#include <stdio.h> #Include < string. H > / / you can use the strlen() function char a[10] = { 8,4,15,2,5,10,14,6,8,18 }; int main(void) { int dat = 0; //Array subscript used to hold the minimum value of each traversal int temp = 0; int len = strlen(a); //Get array length for (int i = 0; i < len1; i++) //Traverse the entire array (the last one is not used) { dat = i; for (int j = i + 1;j < len; j++) //Traverse the array after i and compare with i { if (a[j] < a[dat]) //Find the smallest value and index the array of this value to dat { dat = j; } } temp = a[i]; //The value of dat is swapped with the position of the value of i, which is placed after the sorted list a[i] = a[dat]; a[dat] = temp; } for (int i = 0; i < 10; i++) //Print array { printf("%d ", a[i]); } getchar();//After execution, you do not return to the code window immediately, but wait for carriage return to view the operation results. return 0; }
1.2.2 heap sorting
Implementation of heap sorting:
 Heap sort is a selective sort that uses the nature of the heap.
The basic idea is (large top reactor):

Suppose the length of an initial to be sorted is n;

The initial keyword sequence to be sorted (R0,R1,R2,..., Rn1) is constructed into a large top heap, which is the initial disordered area;

Exchange the top element R[0] with the last element R[n1], and a new disordered region (R0,R2,..., Rn2) and a new ordered region (Rn1) are obtained, and R[1,2,..., n2] < = R[n1];

Since the new heap top R[0] may violate the nature of the heap after exchange, it is necessary to adjust the current unordered area (R0,R1,..., Rn2) to a new heap, and then exchange R[0] with the last element of the unordered area again to obtain a new unordered area (R0,R1,R2,..., Rn3) and a new ordered area (Rn2,Rn1).

Repeat this process until the number of elements in the ordered area is n2, and the whole sorting process is completed.
#include <stdio.h> #Include < string. H > / / you can use the strlen() function //#include <stdlib.h> void HeapAdjust(char array[], int i, int len) { int MaxChild; //Used to store the largest child node int Parent; //Used to store the value of the parent node int LeftChild = 2 * i + 1; //Assuming that the parent node is i, its left child node is 2i+1 int RightChild = 2 * i + 1; //Assuming that the parent node is i, the right child node is 2i + 2 for (Parent = array[i]; 2 * i + 1 < len; i = MaxChild) //Each time, the maximum child node is judged downward as the parent node { LeftChild = 2 * i + 1; RightChild = 2 * i + 2; MaxChild = LeftChild; //Let's assume that the left node is the maximum if (MaxChild != len 1 && array[RightChild] > array[LeftChild]) //First judge whether the node exceeds the super degree, then judge which of the left and right child nodes is large, and find the child node with the largest value { MaxChild = RightChild; //If the right node is large, come in and change MaxChild into the right child node } if (Parent < array[MaxChild]) // If the larger child node is larger than the parent node, move the larger child node up to replace its parent node { array[i] = array[MaxChild]; } else // Otherwise exit the loop { break; } } array[i] = Parent; // Finally, put the original parent node in the appropriate position } void HeapSort(char array[], int length) { //The process of building a heap for (int i = (length / 2  1); i >= 0; i) // After adjusting the first half elements of the sequence (i.e. each node with children), there is a large top heap. The first element is the largest element of the sequence, which is judged from bottom to top { HeapAdjust(array, i, length); } for (int i = length  1; i > 0; i) //By constantly filtering the maximum value, while constantly filtering the remaining elements { int temp; temp = array[i]; // Exchange the first element with the current last element to ensure that the current last element is the largest in the current sequence array[i] = array[0]; array[0] = temp; //array[i] is the maximum, arrat[i1] is the second largest, arrat[i2] is the third largest, and so on HeapAdjust(array, 0, i); // Continuously narrow the range of adjusting heap, and ensure that the first element is the maximum value of the current sequence after each adjustment } } int main() { int len; char arr_test[17] = {15, 8, 12, 4, 2, 3, 5, 1, 6, 9, 0, 7, 10, 11, 14, 15, 1 }; //test data len = sizeof(arr_test); //Calculate array length HeapSort(arr_test, len); //Heap sorting algorithm for (int i = 0; i < len; i++) //Print the sorted data { printf("%d ", arr_test[i]); } getchar(); //After execution, you do not return to the code window immediately, but wait for carriage return to view the operation results. return 0; }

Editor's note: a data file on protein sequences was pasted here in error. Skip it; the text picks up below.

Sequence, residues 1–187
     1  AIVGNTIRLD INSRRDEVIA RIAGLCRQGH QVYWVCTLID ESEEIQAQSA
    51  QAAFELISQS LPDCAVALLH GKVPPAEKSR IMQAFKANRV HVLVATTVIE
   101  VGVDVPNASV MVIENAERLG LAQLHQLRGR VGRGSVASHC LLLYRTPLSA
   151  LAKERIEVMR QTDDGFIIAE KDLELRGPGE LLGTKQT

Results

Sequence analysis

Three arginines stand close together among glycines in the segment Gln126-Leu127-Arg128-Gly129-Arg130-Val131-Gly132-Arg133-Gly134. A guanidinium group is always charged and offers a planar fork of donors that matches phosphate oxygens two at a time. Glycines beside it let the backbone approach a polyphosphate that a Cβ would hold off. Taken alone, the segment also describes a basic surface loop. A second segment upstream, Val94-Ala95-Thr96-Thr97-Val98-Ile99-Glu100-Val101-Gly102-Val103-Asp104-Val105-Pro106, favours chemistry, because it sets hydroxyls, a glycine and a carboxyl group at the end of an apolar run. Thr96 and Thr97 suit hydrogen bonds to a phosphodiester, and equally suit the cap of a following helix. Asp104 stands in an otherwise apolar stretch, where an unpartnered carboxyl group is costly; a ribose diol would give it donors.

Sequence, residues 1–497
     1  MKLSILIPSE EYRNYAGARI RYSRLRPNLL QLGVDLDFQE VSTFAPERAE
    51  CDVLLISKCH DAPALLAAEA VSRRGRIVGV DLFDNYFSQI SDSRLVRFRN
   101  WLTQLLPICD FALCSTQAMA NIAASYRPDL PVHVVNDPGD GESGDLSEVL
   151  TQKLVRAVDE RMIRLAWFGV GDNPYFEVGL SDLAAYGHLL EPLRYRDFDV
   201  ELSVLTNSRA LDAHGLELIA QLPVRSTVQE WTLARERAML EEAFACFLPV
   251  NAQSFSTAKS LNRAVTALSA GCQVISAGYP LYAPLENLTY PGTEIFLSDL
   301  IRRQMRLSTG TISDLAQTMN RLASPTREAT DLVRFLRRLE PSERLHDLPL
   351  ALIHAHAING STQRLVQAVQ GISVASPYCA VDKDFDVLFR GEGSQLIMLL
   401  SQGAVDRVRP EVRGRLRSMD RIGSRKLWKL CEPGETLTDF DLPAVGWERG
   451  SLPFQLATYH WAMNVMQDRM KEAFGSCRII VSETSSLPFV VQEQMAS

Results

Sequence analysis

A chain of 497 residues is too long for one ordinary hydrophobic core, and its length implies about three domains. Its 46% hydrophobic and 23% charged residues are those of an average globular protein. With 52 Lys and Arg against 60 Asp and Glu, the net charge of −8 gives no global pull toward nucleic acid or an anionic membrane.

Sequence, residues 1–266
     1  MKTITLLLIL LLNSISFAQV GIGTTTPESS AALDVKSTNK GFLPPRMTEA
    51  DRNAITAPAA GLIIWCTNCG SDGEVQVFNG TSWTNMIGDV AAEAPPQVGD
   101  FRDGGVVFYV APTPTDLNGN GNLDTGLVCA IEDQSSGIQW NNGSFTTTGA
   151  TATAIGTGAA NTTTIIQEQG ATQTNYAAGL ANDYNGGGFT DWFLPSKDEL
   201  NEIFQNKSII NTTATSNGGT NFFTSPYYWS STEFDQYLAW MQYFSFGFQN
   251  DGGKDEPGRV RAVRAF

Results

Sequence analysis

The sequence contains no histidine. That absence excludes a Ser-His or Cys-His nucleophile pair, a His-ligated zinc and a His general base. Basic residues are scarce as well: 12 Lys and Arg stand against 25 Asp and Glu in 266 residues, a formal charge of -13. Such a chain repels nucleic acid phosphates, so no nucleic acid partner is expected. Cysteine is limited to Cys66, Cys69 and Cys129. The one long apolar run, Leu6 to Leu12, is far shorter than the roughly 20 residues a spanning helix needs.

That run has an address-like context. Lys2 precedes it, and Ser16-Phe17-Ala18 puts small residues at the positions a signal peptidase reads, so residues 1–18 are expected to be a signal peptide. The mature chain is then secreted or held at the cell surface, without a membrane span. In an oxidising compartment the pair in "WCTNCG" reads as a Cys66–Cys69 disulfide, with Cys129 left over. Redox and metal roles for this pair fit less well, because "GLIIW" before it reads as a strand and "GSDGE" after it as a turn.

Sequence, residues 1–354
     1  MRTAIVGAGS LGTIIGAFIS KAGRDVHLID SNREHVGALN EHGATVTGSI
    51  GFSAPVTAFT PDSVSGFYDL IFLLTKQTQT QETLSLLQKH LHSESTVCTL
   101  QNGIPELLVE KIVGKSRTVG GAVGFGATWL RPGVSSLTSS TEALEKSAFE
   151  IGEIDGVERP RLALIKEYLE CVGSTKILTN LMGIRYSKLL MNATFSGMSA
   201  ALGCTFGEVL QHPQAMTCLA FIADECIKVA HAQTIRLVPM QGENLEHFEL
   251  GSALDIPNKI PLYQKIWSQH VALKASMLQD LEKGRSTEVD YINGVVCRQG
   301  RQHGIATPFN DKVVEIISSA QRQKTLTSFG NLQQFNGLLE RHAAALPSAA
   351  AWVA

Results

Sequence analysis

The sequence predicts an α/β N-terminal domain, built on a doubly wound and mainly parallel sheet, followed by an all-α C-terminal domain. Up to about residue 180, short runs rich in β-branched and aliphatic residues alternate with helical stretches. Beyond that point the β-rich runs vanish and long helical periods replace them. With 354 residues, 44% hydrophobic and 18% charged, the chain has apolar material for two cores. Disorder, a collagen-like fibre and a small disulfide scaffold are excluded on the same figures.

1.3 exchange sorting
1.3.1 bubble sorting
Bubble sorting is one of the basic sorting algorithms. Its idea is to compare adjacent elements in pairs. The larger number sinks and the smaller number rises. In this way, the maximum (small) value will be arranged at one end after a comparison. The whole process is like bubbles, so it is called bubble sorting.
Bubble sorting is simple:
 Compare the left and right elements in the sequence in order to ensure that the element on the right is always greater than the element on the left; (after the first round, the last element of the sequence must be the maximum value of the current sequence)
 Perform step 1 again for the remaining n1 elements in the sequence;
 For the sequence with length N, a total of n1 rounds of comparison need to be performed; (using the while loop can reduce the number of executions)